Q: I live in Alberta, and have had solid maple hardwood flooring installed over a new sub floor of 5/8″ plywood on my main floor. The strips were nailed securely and tightly by a carpenter friend who has done this before, and his floors always looked great for years after, so I know that he is doing it correctly. By the way, this flooring was reclaimed from a 55 year old house about to be demolished. The flooring was acclimatized in my house for a period of approximately six weeks before being installed.
I did bring in a professional hardwood floor sander/refinisher to finish the floor. It was only after the sanding and two coats of oil-based urethane were applied that I noticed and became concerned about the gaps between hardwood strips. I obviously had not checked closely before the refinishing began, so my mistake. I can only guess that being in this part of the province during the heating season, the humidity level was so low that the hardwood shrank appreciably.
My new furnace is equipped with a Generalaire by-pass humidifier, but unfortunately it was not connected during this whole process.
So, now I have halted the final finish coat on the floor, and have the humidifier working at a maximum setting.
It has now been three weeks with the humidifier working at a high setting, and I’ve been hoping that I would see a reduction in the gaps between some of the hardwood strips, but my close inspection reveals no change whatsoever.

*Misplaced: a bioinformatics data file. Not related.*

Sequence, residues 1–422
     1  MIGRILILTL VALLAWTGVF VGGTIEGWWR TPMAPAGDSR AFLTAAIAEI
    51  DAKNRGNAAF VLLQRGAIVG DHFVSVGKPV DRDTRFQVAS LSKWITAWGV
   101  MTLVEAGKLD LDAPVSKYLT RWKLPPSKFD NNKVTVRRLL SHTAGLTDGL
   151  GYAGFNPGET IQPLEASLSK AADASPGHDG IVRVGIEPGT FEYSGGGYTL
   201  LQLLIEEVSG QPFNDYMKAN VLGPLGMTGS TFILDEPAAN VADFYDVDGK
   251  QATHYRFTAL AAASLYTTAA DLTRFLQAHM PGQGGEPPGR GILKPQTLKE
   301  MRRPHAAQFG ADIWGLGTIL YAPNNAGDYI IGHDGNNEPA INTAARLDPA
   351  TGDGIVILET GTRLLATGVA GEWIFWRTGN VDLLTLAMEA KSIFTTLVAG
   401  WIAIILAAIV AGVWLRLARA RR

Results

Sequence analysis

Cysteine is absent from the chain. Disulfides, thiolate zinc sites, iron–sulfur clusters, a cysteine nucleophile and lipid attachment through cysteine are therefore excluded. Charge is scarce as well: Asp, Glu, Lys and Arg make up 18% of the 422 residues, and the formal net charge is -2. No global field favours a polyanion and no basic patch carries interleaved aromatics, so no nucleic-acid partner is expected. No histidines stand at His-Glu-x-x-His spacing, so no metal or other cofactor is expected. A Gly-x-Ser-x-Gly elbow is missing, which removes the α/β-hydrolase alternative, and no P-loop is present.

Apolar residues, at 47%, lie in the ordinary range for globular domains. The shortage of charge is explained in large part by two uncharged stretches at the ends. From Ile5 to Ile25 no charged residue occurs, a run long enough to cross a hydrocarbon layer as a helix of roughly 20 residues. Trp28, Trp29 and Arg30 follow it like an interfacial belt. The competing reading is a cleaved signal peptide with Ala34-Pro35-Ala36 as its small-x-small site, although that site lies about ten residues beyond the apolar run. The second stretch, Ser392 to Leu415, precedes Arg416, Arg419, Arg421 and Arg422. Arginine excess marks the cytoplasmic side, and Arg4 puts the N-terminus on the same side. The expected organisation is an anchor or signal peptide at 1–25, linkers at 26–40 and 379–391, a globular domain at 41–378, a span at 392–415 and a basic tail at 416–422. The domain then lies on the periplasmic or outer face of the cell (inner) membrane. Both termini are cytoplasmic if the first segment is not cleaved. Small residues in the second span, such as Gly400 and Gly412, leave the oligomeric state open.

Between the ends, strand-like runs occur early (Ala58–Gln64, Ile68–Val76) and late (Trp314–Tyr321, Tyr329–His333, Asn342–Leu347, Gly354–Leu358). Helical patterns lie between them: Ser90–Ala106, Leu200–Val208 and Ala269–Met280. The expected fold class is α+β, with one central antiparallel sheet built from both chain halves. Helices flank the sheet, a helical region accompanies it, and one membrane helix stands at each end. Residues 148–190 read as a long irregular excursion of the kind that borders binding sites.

I expect that the person I contracted to sand and finish my floor should have asked me prior to starting the job about humidity, but all he asked was whether the material had spent some time in the new environment before being nailed down, which of course it had.
What is my best strategy for getting this flooring to swell back to what it was when laid? My understanding is that finished and sealed solid hardwood floors will swell and contract with humidity changes, so is it not reasonable to expect that raising my relative humidity level will have this effect on the wood? Or should I just have the gaps filled, more urethane applied, and then hope that it will not expand later and cause me grief with the filler material breaking up?
I have considered getting a hygrometer to see what my humidity level is, and try to ensure that is 40% to 50%, but have not done so yet. I would very much appreciate any advice or thoughts you may have on this situation.
A: Interesting situation. First, I really don’t think you can blame the floor sanding company. They really have nothing to do with the gapping. If anything, applying a polyurethane coating to a floor would slow moisture movement from beneath the floor and cause the floor to expand if there was to much moisture, for example, coming from the basement. I do not think we can keep the humidity levels at 50% in the colder parts of Canada in winter without having moisture problems all over the house. You might want to check the environment below the floor to see what the readings are there.